Not only is the Internet invaluable for a child’s education and socialization, it provides a potential paradigm for education and socialization. That is what the new research from The John D. and Catherine T. MacArthur Foundation suggests. Spending time online, playing video games, and texting is not a waste of time for kids, says the study headed by UC Irvine’s Mizuko Ito. “Contrary to adult perceptions, while hanging out online, youth are picking up basic social and technical skills they need to fully participate in contemporary society.”

The digital age presents children with new ways of learning the world. Not only do children gain technical and media literacy on the Internet, it allows children to participate in peer-based, self-directed learning. Youth are often more motivated to learn from peers than adults, the study says.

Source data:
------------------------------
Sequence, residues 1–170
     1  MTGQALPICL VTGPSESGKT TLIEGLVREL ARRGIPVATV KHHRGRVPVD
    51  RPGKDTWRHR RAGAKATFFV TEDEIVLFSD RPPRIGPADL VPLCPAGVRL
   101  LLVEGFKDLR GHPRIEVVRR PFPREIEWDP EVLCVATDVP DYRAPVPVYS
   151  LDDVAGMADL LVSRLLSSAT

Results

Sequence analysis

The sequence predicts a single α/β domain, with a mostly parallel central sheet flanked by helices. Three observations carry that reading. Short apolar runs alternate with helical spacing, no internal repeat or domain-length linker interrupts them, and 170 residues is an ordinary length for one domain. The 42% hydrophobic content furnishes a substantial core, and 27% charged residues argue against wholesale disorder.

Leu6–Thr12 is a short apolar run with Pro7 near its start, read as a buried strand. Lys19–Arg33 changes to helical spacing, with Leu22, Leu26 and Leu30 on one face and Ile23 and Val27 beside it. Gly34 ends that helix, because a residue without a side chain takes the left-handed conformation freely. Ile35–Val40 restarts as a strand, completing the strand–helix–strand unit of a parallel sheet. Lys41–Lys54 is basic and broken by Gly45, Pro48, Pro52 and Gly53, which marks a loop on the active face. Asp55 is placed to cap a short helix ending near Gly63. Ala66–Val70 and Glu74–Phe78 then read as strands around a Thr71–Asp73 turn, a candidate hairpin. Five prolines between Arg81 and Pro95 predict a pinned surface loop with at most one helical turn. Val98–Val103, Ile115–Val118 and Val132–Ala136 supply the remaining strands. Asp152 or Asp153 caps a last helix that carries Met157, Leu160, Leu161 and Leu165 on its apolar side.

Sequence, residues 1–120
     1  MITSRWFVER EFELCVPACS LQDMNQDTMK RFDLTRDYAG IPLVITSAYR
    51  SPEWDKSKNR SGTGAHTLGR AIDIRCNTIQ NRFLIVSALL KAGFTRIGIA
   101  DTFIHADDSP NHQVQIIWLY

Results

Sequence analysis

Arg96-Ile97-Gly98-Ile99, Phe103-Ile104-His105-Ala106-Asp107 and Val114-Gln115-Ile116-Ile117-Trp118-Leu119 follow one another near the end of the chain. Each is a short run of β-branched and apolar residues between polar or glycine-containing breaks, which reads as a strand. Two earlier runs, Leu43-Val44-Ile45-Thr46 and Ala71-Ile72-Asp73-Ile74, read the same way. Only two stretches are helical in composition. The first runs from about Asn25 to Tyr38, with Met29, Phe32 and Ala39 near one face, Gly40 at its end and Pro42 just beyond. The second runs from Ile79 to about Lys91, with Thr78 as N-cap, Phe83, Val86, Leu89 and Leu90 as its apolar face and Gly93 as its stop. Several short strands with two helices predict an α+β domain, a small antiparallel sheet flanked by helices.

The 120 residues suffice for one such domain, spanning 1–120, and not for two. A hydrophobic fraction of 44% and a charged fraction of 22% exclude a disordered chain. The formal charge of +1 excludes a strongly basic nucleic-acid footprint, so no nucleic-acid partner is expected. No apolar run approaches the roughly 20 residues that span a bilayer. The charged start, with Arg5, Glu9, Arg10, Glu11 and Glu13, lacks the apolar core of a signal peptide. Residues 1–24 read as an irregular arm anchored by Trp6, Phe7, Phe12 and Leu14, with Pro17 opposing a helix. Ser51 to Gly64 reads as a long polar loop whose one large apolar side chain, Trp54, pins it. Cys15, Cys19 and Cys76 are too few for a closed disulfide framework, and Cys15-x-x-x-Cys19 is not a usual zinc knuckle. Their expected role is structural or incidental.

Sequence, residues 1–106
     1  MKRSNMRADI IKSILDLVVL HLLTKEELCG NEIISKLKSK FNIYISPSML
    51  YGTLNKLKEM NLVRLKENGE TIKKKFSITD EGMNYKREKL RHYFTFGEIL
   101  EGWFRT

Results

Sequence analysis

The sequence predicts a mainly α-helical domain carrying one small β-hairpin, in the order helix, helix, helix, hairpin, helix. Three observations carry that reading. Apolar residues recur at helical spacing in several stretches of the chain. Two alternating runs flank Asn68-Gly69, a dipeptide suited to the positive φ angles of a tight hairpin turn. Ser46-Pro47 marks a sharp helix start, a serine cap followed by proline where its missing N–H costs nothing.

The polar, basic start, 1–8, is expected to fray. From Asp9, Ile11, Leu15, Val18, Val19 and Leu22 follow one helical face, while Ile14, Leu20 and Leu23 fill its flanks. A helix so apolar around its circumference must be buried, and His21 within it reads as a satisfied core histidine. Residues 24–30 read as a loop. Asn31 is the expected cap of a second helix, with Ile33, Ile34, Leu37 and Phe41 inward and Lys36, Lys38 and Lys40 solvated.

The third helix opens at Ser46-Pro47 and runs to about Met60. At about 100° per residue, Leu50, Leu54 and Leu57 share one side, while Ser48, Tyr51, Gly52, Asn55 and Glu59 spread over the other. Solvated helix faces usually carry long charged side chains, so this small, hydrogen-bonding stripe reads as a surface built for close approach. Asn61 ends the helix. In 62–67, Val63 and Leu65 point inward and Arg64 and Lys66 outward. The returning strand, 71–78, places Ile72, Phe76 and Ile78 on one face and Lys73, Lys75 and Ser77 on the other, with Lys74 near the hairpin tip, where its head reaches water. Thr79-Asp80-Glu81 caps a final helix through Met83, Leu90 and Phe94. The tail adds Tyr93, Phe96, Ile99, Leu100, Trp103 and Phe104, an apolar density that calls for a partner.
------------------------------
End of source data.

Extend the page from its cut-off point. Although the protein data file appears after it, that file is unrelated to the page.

“By its immediacy and breadth of information, the digital world lowers barriers to self-directed learning.”

Time online can also strengthen and expand existing friendships, and can make them more open to experimentation and social exploration: they can explore interests beyond school and their local community, publish creative works, and gain visibility and reputation. With the Internet, children can navigate knowledge groups not available in the offline world.

“The digital world is creating new opportunities for youth to grapple with social norms, explore interests, develop technical skills, and experiment with new forms of self-expression.”

The study concludes by saying that new media challenges ideas of the traditional role of education, suggesting that pedagogical focus should placed less on job preparation and more on participation in public life.

By Mark Alvarez